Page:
The 10 best comic book panels of 2022

The comic book panel is like an atom. With just a handful of them, you can build anything.

Shocking reveals, narrative mic drops — even comedic timing, in a medium in which timing itself is in the hands of the reader. The search for a “best panel” is not the same as a search for “best comic.” It’s the search an ineffably striking moment captured on the page, an image that forces a reaction from you even if you have no idea what the comic is about. Here are the 10 comic panels from 2022 that we can’t stop thinking about.

(And for more on what’s happening in the pages of our favorite comics, make sure to read Monday Funnies, Polygon’s weekly list of the books that our comics editor enjoyed this past week.)

Supergirl cradling Comet’s corpse

Supergirl: Woman of Tomorrow, Tom King, Bilquis Evely, Mat Lopes, Clayton Cowles

Image: Tom King, Bilquis Evely, Mat Lopes, Clayton Cowles/DC Comics

The question isn’t “Is one of the best panels of the year in Supergirl: Woman of Tomorrow?” It’s “Which panel in Supergirl: Woman of Tomorrow do I choose?” I’ve previously said Woman of Tomorrow is the most Sandman-like thing Tom King has written, and while some portion of that is the semi-contained fable of each issue, it’s also the craft that artist Bilquis Evely brings to the comic’s worldbuilding, in a space adventure by way of the inexplicable creatures of Star Wars rather than the scientifically enumerated biomes of Star Trek.

But what makes Evely’s single panels wondrous is her compositions and her acting. Artists have used the iconography of Superman to recreate Michelangelo’s Pietá before, but Evely may have done it best, choreographing cape and clouds and sun onto the essential pose. Where Evely draws Kara Zor-El with a gaze hard enough to pierce the reader’s heart, Mat Lopes pops her irises with ice blue flecks, his work a carefully conducted symphony, emphasizing the important even as it highlights Evely’s intricate linework.

Jen Walters off her heels

She-Hulk, Rainbow Rowel, Rogê Antônio, Rico Renzi, Joe Caramagna

Titania, with a stop sign resting casually on her shoulder, sneeringly asks how it is that Jen Walters keeps successfully reinventing herself, while she keeps “landing on my face!” A pissed Jen looks at her in silence for a panel. The next panel shows her feet, kicking off her purple heels. The next panel shows her face again, but cuts off the bottom of it because she’s shorter now. “Maybe it’s because you keep picking fights with Hulks,” she answers in She-Hulk #1 (2022).

Image: Rainbow Rowel, Rogê Antônio, Rico Renzi, Joe Caramagna/Marvel Comics

Sometimes a great panel is three panels, like Rainbow Rowel and Rogê Antônio pulling off this small but perfect visual gag in the first issue of their She-Hulk. We don’t think of a comic book panel as having its own point of perspective, as a frame of a movie has a point where the camera was placed. But Rowel and Antônio show that it can be really funny if you do.

The sublime freeze frames of Do a Power Bomb

Do a Power Bomb, Daniel Warren Johnson

Lona Steelrose launches off the corner into her signature flying move, hanging suspended upside down in the air above the wrestling ring. Her opponent, a sentient orangutan, lies fearful in her shadow. The ref is gripping his head with both hands. The crowd is going absolutely insane. In Do A Power Bomb.

Image: Daniel Warren Johnson/Image Comics

The story of Do a Power Bomb is that Daniel Warren Johnson got into professional wrestling for the first time during the pandemic, and this is his love letter. There is not a page of Power Bomb that’s ashamed or sheepish of its subject matter, it’s all sincerity, all camp, all heart, and all spectacle. But where the comic takes your breath away is movement.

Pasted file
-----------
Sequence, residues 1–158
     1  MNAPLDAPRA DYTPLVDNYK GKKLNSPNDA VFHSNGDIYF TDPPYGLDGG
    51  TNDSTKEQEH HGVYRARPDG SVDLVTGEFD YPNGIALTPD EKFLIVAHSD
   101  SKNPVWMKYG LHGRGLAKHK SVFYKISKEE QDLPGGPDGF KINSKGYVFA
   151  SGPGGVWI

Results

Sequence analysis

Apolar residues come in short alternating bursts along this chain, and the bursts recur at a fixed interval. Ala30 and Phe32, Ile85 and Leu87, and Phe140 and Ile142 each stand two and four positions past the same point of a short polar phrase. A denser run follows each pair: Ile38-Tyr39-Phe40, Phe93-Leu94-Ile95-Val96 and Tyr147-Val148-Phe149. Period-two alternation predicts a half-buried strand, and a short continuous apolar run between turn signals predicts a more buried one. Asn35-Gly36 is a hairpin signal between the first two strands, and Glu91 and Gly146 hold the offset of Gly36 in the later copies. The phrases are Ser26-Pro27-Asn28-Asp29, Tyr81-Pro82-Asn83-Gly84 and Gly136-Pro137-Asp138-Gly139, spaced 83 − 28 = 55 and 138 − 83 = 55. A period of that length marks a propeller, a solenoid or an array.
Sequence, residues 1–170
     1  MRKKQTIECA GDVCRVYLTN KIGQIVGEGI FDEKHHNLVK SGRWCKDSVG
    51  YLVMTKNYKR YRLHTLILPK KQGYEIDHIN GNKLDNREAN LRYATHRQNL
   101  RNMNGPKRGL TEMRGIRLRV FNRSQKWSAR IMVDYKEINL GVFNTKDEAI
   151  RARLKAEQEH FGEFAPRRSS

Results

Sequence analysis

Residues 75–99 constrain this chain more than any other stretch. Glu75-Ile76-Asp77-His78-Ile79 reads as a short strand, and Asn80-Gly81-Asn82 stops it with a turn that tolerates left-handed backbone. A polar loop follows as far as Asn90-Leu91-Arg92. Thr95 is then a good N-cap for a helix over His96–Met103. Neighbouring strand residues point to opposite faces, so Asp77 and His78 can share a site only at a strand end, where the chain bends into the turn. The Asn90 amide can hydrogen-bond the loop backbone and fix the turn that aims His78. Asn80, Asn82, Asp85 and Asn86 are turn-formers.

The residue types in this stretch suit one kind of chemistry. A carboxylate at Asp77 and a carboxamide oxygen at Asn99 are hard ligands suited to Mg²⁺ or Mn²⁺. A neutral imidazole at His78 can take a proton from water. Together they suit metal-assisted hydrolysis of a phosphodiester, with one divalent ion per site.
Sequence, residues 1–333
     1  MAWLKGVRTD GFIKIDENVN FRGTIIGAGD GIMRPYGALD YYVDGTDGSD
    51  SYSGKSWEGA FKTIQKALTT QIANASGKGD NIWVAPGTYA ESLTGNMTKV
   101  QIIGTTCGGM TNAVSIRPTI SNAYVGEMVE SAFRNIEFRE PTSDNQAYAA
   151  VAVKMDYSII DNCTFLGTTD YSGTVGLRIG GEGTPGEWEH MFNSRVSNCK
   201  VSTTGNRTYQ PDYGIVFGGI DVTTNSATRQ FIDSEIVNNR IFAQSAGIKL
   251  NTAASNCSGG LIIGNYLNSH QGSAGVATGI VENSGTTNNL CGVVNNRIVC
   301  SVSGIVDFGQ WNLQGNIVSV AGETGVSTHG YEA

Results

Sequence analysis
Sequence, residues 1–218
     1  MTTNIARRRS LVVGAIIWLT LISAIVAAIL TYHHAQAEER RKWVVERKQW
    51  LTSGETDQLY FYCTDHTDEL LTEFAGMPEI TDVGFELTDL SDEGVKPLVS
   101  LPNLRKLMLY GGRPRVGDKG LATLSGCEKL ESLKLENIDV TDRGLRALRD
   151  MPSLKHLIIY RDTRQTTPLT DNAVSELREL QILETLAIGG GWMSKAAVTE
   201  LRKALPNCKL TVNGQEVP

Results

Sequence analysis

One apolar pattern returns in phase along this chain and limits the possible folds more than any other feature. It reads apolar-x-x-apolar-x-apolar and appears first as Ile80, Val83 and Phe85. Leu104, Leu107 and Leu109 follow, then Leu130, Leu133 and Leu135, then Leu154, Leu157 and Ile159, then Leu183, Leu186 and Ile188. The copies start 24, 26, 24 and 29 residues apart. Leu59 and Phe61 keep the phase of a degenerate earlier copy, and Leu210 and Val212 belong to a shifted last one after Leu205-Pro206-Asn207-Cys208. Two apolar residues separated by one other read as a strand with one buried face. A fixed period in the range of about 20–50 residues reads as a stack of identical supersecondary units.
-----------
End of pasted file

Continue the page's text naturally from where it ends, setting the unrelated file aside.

Comics are a deceptively still medium, in which we use phrases like “motion lines” to mean “a developed iconography of abstract lines which are invisible to the characters but indicate to the reader that motion has occured.” Wrestling, on the other hand, is a pastime in which movement — literally “wrestling moves” — are the entire deal.

Johnson takes the eye of a Renaissance painter to Power Bomb. He picks the exact moments that convey both previous and impending motion; the exact point in the shot where somebody like Zack Snyder would switch to slo-mo; the moment every voice in a crowd would gasp in unison — and blows a split second out on the page so that the tension and beauty of it hangs forever.

Not an angry god, but an angry friend

Batman #127, Chip Zdarsky, Jorge Jimenez, Tomeu Morey, Clayton Cowles

Superman is a dark silhouette, frost streaming from his mouth, only the whites of his eyes to communicate his disapproval. “I’m going to need you,” he says to the Failsafe robot, “to back away from my friend” in Batman #127 (2022).

Image: Chip Zdarsky, Jorge Jimenez, Tomeu Morey, Clayton Cowles/DC Comics

Hollywood has made sure that we all know the iconography of an angry Superman — he floats impossibly in the sky, his eyes glowing a radioactively furious red, a promise that looks can kill and maybe he will too. And look, red-eye angry Superman is a temptingly strong visual. But Batman #127 says: It’s also a crutch.

What if instead, Superman’s anger was righteous and controlled, a protective reflex? What if it wasn’t a burning laser, but an icy breath that douses a house fire and hangs in the air as he makes a final attempt at deescalation? What if we know that Superman is angry because his eyes are simply those of a protector defending his friend, rather than an enraged god destroying his enemies?

Hitting the ground running

Saga #55, Brian K. Vaughan, Fiona Staples

“This is how an idea survives,” reads narration text, as Hazel runs from a voice accusing her of thievery, clutching her blue top hat to her head in Saga #55.

Image: Brian K. Vaughan, Fiona Staples/Image Comics

Writer Brian K. Vaughan and artist Fiona Staple’s epic is the exception that breaks every rule in American comics publishing — a hit with Wednesday Warriors and trade-waiters alike that only grows more popular over time, never loses narrative steam, and will probably never get optioned for a cinematic adaptation. At least not until Hollywood is chill with an X-rated, hyperviolent, special effects-heavy family adventure.